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BRICS bank loan ties in with Mboweni's focus on regional cooperation

Apr 07 2019 13:06

The decision by the New Development Bank to finance the second phase of the Lesotho Highlands Water Project ties in well with Finance Minister Tito Mboweni's call for the bank to fund more infrastructure projects in Southern Africa.

This is according to a statement from Ministry of Finance after the close of the bank's fourth annual meeting in Cape Town this week.

"The infrastructure in Southern Africa is interconnected and, therefore, our approach to the funding of projects in Southern Africa should take this into account," Mboweni had said on the first day of the meeting.

Three of the five new projects approved for funding by the NDB - also referred to as the Brics bank - are South African. The shareholders of the bank are the five BRICS members, Brazil, Russia, India, China and South Africa.

The five new projects bring the NDB's project portfolio to more than $9.2bn.

The three new South African projects approved by the NDB are for Eskom, the Industrial Development Corporation (IDC) and the Trans-Caledon Tunnel Authority (TCTA).

In line with its focus on supporting clean energy, the NDB will provide a $480m project loan to Eskom for an environmental protection project for the Medupi Thermal Power Plant.

As for the IDC, the proceeds of a R1.150bn loan from the NDB will be used to make loans to renewable energy projects to reduce carbon emissions, improve SA's energy mix and increase the energy efficiency of the economy.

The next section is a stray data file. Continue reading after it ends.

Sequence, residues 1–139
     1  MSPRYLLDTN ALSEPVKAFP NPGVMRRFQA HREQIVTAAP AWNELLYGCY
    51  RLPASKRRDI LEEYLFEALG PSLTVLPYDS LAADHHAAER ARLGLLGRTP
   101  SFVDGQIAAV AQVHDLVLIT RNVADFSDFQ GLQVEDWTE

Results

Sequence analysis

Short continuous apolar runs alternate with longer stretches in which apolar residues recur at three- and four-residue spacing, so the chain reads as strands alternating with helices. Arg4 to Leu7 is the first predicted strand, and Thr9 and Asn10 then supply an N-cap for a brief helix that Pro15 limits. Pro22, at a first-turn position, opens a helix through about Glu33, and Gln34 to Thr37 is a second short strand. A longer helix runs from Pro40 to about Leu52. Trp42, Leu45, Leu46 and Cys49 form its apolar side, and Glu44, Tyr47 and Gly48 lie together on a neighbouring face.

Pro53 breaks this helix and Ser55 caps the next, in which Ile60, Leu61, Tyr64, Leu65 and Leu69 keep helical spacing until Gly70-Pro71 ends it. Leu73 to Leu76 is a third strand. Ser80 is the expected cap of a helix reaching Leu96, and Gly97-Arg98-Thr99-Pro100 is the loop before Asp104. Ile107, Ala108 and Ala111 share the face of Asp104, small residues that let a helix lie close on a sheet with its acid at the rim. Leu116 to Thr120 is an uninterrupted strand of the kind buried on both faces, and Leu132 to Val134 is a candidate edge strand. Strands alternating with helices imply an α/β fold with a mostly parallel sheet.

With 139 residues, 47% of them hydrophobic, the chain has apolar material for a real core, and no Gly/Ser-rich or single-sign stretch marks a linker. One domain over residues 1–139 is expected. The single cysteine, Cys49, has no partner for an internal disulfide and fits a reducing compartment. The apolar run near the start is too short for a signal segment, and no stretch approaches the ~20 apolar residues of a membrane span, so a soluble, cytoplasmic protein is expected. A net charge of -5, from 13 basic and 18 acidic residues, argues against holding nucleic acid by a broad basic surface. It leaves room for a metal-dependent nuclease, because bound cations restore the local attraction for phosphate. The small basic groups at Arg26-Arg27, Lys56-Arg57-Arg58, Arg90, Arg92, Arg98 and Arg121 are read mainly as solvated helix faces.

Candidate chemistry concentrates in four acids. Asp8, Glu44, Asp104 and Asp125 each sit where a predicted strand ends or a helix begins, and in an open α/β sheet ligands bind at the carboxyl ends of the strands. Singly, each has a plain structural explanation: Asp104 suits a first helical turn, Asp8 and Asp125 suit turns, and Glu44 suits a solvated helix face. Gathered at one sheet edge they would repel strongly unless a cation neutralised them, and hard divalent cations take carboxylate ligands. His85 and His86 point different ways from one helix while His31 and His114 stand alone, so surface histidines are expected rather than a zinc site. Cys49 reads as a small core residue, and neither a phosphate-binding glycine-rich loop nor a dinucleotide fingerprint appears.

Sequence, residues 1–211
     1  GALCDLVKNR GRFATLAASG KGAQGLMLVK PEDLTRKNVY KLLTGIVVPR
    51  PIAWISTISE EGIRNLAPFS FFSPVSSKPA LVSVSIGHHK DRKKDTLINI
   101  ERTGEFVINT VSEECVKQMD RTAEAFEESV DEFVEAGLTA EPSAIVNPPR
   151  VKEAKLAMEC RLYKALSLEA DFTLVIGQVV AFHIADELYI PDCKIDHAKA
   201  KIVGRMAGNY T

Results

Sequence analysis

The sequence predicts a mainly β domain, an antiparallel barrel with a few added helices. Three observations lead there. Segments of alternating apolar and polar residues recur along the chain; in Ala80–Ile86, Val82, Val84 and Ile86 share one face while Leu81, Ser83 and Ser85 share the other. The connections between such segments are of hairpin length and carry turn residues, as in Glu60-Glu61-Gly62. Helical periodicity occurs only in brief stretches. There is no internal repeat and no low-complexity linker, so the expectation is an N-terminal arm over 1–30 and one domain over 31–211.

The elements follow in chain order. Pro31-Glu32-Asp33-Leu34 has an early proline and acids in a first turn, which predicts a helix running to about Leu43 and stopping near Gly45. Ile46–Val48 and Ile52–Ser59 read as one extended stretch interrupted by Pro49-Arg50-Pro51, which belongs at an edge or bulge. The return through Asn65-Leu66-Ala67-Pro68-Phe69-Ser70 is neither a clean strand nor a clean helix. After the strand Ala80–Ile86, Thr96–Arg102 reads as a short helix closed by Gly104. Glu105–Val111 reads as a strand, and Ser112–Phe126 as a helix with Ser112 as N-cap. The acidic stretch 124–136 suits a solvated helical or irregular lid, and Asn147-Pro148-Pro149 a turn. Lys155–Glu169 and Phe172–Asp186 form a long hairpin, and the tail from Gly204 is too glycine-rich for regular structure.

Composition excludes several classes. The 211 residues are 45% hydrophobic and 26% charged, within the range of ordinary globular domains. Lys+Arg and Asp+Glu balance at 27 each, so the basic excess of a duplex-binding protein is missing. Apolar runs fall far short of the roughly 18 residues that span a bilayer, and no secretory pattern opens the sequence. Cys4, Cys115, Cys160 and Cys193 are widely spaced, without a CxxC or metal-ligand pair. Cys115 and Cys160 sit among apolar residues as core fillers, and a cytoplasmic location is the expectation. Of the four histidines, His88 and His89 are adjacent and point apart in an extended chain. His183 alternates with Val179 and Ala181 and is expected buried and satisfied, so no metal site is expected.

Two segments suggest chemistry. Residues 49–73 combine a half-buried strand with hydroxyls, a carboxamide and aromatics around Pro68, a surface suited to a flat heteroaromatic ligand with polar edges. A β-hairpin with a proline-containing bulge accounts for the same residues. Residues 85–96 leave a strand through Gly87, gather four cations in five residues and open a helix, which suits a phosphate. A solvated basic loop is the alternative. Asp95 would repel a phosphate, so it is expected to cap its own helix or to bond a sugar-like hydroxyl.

Furthermore, the NDB will provide a project loan of R3.2bn to the Trans-Caledon Tunnel Authority for the implementation of the second phase of the Lesotho Highlands Water Project and the financing the construction of water transfer infrastructure.

It is expected that Gauteng, North-West, Mpumalanga and the Free State will benefit from the resulting increased water supply, said Treasury. 

The NDB funding of these three South African projects is separate from the loan agreements signed with Eskom and the Development Bank of Southern Africa after the opening of the annual meeting on Monday.

The sovereign-guaranteed loan of $180m to Eskom will be used for a renewable energy integration and transmission augmentation project. The project will integrate a total of 670 MW of renewable energy into Eskom's grid.

The $300m loan agreement – without a sovereign guarantee - signed between the NDB and the Development Bank of Southern Africa is for a greenhouse gas emissions reduction and energy sector development project.

According to the Ministry of Finance, one of the other major outcomes was an in-principle agreement to expand the membership of the bank beyond the founding members.

"Negotiations in this regard are ongoing, with an announcement on the way forward expected by the end of the year," the ministry said.

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